More than 2,000 union workers at Pittsburgh-based Allegheny Technologies have been locked out of their factory since August 15 as part of a contract dispute. But the specialty metals company is still operating—with the help of a private staffing company named Strom Engineering that specializes in part in supplying labor during industrial strikes, according to the Pittsburgh Post-Gazette.
The firm has apparently posted an ad on Craigslist in Pittsburgh (originally highlighted by Eric Loomis) advertising jobs paying $1,700 to $3,000 for an 84-hour-work week. That equates to 12 hours a day, 7 days a week, in what’s described as a “high heat/temperature manufacturing environment.”
Both Strom and Allegheny declined to comment.
The ad is pretty clear about what kind of job it is. In caps, it notes ”THIS IS A LABOR DISPUTE SITUATION – EMPLOYEES WILL BE TRANSPORTED ACROSS A PICKET LINE.” It adds that the job will be temporary and of unknown duration.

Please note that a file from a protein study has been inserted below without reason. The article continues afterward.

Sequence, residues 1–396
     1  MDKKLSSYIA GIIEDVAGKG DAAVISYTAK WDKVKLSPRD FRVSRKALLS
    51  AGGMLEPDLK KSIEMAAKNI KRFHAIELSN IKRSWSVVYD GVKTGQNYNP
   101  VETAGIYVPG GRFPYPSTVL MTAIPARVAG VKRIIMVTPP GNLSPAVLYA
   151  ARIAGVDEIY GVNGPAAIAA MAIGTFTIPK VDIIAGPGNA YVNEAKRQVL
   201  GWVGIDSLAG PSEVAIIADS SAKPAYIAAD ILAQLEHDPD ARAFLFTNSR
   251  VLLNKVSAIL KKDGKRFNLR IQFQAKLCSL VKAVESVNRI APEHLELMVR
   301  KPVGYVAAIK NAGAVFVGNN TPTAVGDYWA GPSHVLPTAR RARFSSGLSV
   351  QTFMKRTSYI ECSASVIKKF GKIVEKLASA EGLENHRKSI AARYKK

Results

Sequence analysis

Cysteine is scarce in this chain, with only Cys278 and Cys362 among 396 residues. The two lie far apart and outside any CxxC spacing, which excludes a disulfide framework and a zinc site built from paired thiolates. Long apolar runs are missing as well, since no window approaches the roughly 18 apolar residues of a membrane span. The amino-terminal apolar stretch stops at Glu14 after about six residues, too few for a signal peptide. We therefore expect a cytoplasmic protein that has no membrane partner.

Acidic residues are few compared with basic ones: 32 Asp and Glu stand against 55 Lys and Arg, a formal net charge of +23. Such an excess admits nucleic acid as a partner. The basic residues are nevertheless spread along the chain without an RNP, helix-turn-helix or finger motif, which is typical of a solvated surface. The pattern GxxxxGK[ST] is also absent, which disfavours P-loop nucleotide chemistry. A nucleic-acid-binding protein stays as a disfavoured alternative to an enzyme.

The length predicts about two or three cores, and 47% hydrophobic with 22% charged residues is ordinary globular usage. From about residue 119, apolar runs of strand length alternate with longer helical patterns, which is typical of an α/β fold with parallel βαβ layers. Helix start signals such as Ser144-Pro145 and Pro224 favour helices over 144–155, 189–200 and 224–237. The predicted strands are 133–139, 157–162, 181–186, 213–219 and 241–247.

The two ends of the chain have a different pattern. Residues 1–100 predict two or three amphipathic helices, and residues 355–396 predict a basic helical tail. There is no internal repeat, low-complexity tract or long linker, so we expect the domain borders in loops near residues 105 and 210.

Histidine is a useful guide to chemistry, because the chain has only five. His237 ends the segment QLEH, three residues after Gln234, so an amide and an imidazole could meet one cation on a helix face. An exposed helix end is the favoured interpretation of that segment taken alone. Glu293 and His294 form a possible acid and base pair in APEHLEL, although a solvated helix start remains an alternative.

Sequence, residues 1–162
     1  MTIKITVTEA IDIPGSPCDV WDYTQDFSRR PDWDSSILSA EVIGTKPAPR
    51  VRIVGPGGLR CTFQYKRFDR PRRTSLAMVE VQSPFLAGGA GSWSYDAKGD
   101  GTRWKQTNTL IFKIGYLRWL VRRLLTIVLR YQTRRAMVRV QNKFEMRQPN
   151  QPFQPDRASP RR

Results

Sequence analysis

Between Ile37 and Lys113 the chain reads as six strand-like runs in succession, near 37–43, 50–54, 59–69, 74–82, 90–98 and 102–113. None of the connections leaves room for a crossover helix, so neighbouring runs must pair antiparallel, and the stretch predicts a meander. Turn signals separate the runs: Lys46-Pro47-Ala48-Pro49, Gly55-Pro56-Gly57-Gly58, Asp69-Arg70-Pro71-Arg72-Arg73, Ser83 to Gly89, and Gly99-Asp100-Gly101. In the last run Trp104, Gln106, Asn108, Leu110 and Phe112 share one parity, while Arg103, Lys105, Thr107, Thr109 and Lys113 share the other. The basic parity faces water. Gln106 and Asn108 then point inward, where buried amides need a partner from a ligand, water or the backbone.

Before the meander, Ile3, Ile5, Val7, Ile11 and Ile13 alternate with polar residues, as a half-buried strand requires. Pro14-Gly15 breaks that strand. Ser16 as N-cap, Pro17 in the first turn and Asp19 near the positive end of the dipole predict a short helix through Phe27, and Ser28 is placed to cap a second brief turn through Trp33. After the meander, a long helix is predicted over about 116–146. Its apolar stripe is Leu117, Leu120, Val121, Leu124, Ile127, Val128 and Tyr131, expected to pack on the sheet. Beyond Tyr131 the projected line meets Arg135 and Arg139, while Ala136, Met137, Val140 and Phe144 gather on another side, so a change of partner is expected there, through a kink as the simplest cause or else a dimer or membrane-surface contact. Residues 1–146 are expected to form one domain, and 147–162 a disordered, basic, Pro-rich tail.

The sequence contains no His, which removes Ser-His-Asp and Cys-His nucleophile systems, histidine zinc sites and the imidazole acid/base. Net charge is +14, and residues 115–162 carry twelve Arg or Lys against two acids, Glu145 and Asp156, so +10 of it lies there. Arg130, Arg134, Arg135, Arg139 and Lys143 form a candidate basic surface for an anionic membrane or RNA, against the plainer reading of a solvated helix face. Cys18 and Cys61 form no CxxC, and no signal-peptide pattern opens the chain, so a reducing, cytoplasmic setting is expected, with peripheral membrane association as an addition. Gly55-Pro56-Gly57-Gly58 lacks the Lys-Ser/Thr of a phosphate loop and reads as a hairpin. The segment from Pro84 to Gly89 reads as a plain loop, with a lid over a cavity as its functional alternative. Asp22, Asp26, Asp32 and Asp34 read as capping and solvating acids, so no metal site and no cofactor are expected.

Here’s the full ad:
Strom is private, and keeps a low profile. It began to focus in part on providing workers during labor disputes about 24 years ago. Unions and their workers are less than fond of the firm, to say the least.
Bringing on workers during a strike is, of course, not unprecedented. But, according to University of Illinois labor law professor Michael LeRoy, using a subcontractor like this makes hiring replacement workers vastly quicker and easier, and undercuts the ability of the union to collectively bargain effectively.
The grueling work week advertised here isn’t unique in these situations either. When there’s a lockout, there are orders that get put on hold, and there’s a need to make up for lost time.
“An 84-hour-work week is exceptional and certainly raises safety concerns,” LeRoy says. “And has it happened before? Undoubtably.”
But it is legal, he says.
Firms like Strom have been around for more than a century in the United States, and they’re having a broad impact on the labor market. It’s more and more common for US manufacturers to supplement salaried, usually unionized floor workers with contract employees. This has likely helped keep wages down. But a recent National Labor Relations Board ruling on the status of contractors may rein things in by making contractors and their employing firms jointly liable for any unfair labor practices.